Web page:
Read More
PAC almost finished: Faculty prepares for art performances
Aug23

PAC almost finished: Faculty prepares for art performances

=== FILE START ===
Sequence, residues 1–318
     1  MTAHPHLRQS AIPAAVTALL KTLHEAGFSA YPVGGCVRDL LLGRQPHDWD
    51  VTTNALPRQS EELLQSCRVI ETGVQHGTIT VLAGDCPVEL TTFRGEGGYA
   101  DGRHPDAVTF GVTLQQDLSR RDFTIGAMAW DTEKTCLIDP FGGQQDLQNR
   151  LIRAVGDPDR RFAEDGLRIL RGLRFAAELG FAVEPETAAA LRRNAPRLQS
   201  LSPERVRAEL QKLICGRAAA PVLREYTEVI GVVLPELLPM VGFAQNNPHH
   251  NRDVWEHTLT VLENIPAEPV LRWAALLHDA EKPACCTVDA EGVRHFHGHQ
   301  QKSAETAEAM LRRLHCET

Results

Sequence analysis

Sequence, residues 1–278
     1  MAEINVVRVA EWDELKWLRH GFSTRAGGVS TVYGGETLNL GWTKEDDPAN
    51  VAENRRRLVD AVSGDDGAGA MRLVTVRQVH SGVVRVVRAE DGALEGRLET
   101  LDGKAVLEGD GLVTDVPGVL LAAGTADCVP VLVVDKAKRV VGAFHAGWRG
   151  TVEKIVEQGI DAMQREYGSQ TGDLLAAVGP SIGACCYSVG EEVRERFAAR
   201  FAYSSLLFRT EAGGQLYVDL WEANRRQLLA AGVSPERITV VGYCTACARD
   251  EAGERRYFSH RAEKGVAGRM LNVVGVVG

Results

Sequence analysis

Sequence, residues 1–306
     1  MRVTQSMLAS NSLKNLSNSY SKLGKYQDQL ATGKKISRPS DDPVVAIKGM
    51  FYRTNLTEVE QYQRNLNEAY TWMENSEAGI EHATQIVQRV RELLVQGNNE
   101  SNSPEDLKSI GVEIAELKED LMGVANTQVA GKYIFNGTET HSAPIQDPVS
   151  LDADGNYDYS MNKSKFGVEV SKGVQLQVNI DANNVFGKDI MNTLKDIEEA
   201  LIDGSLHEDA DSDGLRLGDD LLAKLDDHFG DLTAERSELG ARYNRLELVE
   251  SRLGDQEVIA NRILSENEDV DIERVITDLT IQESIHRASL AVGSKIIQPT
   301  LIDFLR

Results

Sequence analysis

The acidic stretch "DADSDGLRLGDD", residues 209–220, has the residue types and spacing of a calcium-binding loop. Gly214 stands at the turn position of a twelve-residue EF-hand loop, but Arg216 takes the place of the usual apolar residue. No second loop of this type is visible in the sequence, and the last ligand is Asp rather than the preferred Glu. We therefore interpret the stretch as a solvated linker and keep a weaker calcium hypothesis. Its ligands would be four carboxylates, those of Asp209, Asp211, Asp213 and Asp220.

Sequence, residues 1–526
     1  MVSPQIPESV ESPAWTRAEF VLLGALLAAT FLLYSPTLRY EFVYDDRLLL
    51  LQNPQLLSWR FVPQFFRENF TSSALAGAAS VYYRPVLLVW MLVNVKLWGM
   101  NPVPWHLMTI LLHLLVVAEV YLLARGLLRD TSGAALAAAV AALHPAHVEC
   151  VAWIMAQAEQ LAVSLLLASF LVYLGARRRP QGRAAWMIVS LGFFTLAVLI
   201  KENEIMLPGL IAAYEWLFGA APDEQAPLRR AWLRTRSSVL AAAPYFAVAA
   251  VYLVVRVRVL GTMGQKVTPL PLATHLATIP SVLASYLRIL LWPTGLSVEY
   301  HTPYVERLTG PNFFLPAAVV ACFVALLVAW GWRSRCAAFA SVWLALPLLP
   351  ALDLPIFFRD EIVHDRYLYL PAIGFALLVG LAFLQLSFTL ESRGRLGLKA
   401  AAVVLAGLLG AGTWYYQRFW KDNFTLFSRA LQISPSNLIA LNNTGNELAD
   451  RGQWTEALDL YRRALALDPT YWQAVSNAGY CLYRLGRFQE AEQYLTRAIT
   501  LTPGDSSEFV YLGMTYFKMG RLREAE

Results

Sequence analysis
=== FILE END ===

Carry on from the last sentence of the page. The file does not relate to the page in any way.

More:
In the spring semester of 2017, ground was broken to make way for a new Sue & Frank Mayborn Performing Arts Center on campus. Now, construction on the building is close to being finished and performances are being planned. The building is quickly becoming the new pride and joy of many and after $20 million, months of hard work, and seeing the building’s result, it is easy to see why. The new Sue & Frank Mayborn Performing Arts Center will be able to seat up to 546 people in the performance hall, which is 246 more than the 300 seats in the Hughes performance hall. This new feature on campus will bring students live cinema, plus it will be equipped with a spacious lobby and a box office with a walk-up window. The Sue & Frank Mayborn Performing Arts Center will also hold classes for students looking to broaden their performing skills. “We don’t have an official date for the dedication ceremony at this time, but it will be in October. At that event, which will be open to the public, there will be a ribbon cutting and tours of the facility,” James Stafford, Director of marketing and Public Relations, told Belton journal during an interview. Director of Operations & Technical Director for the Sue & Frank Mayborn Performing Arts Center, Erik Vose, believes the new addition to campus will be extremely beneficial and will open more options for the College of Visual and Performing Arts to offer the student body. Shyanne Hoffman, a freshman forensics major with a music minor, says she is excited for the new opportunities the building and the class will have in store for her. “I think it’s going to be a great addition to UMHB and I’m excited to see what amazing things it has to offer.” Hoffman said. Freshman music education major, Makaila Showels, believes the newest addition to campus will be able to give her a new sense of responsibility. “I am very excited. I never had a chance to perform or work in a brand new Performing Arts building. “This building will provide music and performance students with a professional level performance space that will help them gain better experience as performers,” Vose said. “The rest of the student body will also have a beautiful new venue to visit for their Fine Arts Experience credits. Hopefully, they will enjoy the experience enough to come back even when they don’t need credit.” The Sue & Frank Mayborn Performing Arts Center is the last project of the 2011 Campus Master Plan and will pave the way for more innovative plans to...